They were subjected to such appalling cruelty as pups that neither was expected to survive into adulthood.
Emma Scott holding Meg with Baldrick
But thanks to the tender loving care of George Scott and his daughter Emma, lurchers Meg and Baldrick have made a remarkable recovery and are now the best of friends.
As the founder of Knoxwood Wildlife Rescue Centre near Wigton, George has rescued more animal cruelty victims than most people are ever likely to see in their lives.
But even he and his daughter Emma, who works full-time at Knoxwood, were shocked at the treatment meted out to the two dogs that have now become part of their family.
At just a couple of weeks old, Meg was kicked so badly that she suffered numerous broken ribs and a shattered leg. Stuffed into a shoebox, barely alive, she was tossed into the doorway of Knoxwood charity shop in Silloth. She owes her life to the skill of a Wigton vet who operated on her shattered body for more than four hours.
“When she came back from the vet, she looked like a zombie dog,” said Emma, recording the tiny pup, its body swathed in bandages.
“For weeks, she was in pain whenever she tried to move and would cry out. I had to carry her everywhere for at least six weeks.”
Baldrick too had a horrifying start to his life: he was about four months old when his owner – presumably trying to finish her off – forced him to drink neat bleach. Knoxwood does not normally take in domestic pets, but the plight of both lurchers tugged at George and Emma’s heartstrings.
Emma said: “Baldrick came from the north-east. Whoever had him had obviously got sick of having a boisterous young lurcher around.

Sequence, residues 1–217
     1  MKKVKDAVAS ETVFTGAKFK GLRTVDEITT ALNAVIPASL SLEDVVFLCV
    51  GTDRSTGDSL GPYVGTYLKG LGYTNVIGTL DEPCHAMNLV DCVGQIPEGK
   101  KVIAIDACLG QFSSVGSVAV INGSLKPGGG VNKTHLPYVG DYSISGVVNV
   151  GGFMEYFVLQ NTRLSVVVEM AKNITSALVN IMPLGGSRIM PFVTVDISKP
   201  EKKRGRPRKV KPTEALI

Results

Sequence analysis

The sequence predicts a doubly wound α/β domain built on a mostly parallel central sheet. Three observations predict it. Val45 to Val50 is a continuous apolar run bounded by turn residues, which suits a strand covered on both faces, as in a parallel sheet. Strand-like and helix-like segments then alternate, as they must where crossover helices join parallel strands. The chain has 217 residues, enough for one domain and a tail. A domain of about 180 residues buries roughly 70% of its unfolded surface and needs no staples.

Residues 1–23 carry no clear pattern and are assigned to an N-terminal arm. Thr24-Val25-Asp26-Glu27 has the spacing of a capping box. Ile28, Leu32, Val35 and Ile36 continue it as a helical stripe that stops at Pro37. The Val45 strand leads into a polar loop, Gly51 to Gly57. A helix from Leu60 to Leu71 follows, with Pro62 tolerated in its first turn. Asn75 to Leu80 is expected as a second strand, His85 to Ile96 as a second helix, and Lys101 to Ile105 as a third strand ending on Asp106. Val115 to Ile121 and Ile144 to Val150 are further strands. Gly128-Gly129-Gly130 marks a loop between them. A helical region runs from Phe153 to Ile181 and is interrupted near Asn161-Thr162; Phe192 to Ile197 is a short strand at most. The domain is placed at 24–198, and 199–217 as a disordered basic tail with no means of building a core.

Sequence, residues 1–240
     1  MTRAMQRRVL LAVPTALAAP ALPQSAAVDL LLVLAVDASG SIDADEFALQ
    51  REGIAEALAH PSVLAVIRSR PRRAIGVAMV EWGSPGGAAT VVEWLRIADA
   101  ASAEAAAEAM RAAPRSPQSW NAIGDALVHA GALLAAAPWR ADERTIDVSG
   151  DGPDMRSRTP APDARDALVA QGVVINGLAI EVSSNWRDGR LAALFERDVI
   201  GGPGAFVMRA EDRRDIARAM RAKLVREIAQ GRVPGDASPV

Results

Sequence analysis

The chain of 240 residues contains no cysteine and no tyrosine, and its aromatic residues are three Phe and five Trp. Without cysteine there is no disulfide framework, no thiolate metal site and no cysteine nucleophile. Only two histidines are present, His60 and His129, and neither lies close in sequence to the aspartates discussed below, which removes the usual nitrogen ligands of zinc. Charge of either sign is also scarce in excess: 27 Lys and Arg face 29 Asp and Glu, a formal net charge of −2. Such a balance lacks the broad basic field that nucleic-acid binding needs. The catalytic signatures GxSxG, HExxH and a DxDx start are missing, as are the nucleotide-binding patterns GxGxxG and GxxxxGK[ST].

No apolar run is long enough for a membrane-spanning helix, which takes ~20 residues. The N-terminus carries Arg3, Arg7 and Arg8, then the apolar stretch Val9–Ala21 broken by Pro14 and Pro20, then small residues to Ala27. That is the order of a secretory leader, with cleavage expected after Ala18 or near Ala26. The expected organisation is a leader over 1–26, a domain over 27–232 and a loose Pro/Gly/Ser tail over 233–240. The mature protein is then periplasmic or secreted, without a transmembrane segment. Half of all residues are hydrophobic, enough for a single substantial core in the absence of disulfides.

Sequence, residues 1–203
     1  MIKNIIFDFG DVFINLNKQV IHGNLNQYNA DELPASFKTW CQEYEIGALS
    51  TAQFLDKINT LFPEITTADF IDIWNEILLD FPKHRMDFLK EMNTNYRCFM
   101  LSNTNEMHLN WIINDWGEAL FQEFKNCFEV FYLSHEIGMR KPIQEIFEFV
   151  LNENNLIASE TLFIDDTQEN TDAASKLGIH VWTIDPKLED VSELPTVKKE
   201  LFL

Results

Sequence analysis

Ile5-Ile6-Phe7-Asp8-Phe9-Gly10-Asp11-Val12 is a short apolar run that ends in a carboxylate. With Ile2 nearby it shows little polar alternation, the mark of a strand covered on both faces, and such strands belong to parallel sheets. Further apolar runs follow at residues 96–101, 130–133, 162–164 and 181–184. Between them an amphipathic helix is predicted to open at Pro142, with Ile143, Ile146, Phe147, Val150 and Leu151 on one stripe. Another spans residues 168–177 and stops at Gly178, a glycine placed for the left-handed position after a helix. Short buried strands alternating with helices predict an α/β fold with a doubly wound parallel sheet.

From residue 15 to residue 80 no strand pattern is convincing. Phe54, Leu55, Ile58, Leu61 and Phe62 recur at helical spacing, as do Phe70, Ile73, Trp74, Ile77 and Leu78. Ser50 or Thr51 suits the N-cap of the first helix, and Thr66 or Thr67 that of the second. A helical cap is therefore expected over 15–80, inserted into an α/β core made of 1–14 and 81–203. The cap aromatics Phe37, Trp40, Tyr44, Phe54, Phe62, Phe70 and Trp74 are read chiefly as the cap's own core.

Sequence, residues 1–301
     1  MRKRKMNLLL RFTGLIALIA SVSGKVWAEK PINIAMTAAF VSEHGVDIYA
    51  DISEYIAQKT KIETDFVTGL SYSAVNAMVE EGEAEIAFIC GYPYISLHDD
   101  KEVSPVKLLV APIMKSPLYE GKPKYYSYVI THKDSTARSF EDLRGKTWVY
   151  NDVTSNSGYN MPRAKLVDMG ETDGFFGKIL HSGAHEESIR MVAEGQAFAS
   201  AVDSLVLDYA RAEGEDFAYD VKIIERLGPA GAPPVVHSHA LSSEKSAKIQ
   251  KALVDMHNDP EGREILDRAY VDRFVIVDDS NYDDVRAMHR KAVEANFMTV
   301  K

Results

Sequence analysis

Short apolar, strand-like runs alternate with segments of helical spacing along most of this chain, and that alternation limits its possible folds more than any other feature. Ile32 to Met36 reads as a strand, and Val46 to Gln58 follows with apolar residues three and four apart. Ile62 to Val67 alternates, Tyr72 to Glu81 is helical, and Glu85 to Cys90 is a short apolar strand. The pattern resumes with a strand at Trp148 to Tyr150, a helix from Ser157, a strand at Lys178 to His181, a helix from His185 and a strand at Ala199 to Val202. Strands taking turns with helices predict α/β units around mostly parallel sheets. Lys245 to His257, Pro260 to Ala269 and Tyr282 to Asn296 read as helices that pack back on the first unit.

“They thought it would be a good idea to hold him and pour bleach down his throat.”
His teeth blackened by the bleach, Baldrick spent weeks on a drip and like Meg slowly regained his strength.
Incredibly, both dogs have made a full recovery, and now live happily with the Scott family, but always remaining close to each other. Baldrick’s only scars are psychological – a nervous reaction to loud noises and a fear of having his ears touched, thought to be a reaction to having had them held as his owner forced the bleach down his throat.
Neither George nor Emma can understand what would drive anybody to treat another living creature so badly. But they have nothing but admiration for their remarkable pet survivors.
George said: “They’ve become part of our family and they love people – Meg seems to actually smile at people.
“They’re also best pals and always come out of the house together in the morning, one in front of the other.”
The Cumberland News